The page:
After the mother assured us that our singing would not disturb them, we began to sing, hesitantly and with much misuses of French accents and stumbling over words. Quickly our meager repertoire of French songs was exhausted, and we drifted comfortably into the familiar music and language of our Latter-day Saint hymns.
It was comforting and strengthening to sing the hymns I’d sung since childhood, and I noticed the little boy stopped crying as we sang. Soon he fell asleep across his mother’s lap.
I don’t know how long we sang, but I recall the lifting of my spirit and the deepening of my conviction as we sang “I Know That My Redeemer Lives” and “O My Father,” and the happiness we felt as we sang “Battle Hymn of the Republic.” Finally, we ended with “Come, Come, Ye Saints,” and as the last strains of “All is well” faded, we began to move quietly out of the dome.
I was first to leave the dome to descend to the lower level of the car, and I was unprepared for the sight that met my eyes. Dozens of upturned faces were looking toward us. Every seat, which had been vacant when we entered the dome car earlier, was now filled, and people were even standing and sitting in the aisles. Unknown to us, these people had gathered to listen as we sang.
A woman standing near the stairway touched my arm, and I saw that there were tears in her eyes. “You young people sing so beautifully,” she said, “because you sing from your hearts. Who are you, and where do you come from?”
“We’re Mormons, ma’am,” I replied. “We are students from Brigham Young University in Provo, Utah.”
“Mormons … ,” she murmured.
She was right. We had sung from our hearts, and my heart was still singing. I heard myself saying, “What do you know about the Mormons?”
“Well, I have heard your lovely Tabernacle Choir,” she replied.
“Would you like to know more about the Mormons?” I asked.
“Yes, I really would.”
“What do I do now?” I thought in panic. “I’ve finally asked the Golden Questions, but now where do I begin?”
Then a calm, sure voice behind me spoke, and I turned to see a returned missionary from our group reach out and take the woman’s hand in a warm, firm grasp.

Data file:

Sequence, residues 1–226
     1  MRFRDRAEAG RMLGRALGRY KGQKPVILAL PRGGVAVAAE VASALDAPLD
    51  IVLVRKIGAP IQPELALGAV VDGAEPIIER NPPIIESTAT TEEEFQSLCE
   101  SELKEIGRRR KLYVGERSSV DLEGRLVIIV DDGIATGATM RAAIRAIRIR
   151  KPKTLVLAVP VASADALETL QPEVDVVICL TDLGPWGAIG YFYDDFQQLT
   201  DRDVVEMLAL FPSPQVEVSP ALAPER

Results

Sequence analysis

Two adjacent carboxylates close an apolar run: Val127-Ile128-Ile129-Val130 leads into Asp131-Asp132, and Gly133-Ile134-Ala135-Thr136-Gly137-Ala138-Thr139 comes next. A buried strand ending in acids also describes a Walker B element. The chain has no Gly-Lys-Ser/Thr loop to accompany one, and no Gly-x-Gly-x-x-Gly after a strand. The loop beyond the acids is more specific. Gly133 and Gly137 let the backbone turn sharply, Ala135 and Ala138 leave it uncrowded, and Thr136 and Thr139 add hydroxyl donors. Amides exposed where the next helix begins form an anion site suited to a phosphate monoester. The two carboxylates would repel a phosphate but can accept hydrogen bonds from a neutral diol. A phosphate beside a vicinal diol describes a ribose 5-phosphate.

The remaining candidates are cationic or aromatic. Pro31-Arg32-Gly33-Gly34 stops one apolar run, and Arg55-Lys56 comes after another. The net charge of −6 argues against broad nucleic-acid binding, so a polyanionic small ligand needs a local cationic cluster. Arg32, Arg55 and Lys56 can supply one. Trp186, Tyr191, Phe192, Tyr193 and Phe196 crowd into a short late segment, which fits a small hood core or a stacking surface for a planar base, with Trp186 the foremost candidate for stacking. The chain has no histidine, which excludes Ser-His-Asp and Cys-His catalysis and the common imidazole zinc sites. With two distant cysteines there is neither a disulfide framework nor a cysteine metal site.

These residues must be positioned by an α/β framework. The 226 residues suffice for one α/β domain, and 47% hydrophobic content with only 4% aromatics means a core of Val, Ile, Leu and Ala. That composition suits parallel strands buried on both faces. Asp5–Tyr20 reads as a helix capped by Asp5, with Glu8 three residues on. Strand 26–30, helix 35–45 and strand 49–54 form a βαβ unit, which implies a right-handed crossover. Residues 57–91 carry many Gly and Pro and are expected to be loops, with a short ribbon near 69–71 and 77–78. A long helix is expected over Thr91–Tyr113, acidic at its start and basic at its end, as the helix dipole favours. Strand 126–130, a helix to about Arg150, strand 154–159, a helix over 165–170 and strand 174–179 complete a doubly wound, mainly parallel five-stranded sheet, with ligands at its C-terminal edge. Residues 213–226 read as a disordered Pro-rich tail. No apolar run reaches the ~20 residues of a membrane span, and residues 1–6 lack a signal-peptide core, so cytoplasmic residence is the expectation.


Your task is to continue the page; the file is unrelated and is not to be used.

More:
“Perhaps you have heard of a man named Joseph Smith,” he said. “Let me tell you more about him.”
Soon he was telling of Joseph Smith’s first vision and explaining the coming forth of the Book of Mormon. Several people who had listened to us sing stayed to hear what this earnest young member of our group had to say, and some left their names and addresses with requests for missionary contact or for copies of the Book of Mormon.
I was filled with peace and joy. I had asked the Golden Questions, and my friend, the returned missionary, had shown me where to go from there. Only a short while before, we had sung about Joseph Smith’s first vision in “Oh, How Lovely Was the Morning.” From their earliest years in Primary, children in the Church hear the the story of “the boy’s first uttered prayer.” What better way to introduce the gospel than to relate that beautiful story? This experience was to guide me many times throughout the summer ahead.
In years to come I was to learn to follow up the Golden Questions with an invitation to my home to see a film and meet the missionaries. And I have learned that there are many other effective ways to introduce the gospel to others. But I like to remember that night on the train when we sang from our hearts, unaware of our listeners. We truly did have something to sing about, and our message had been heard.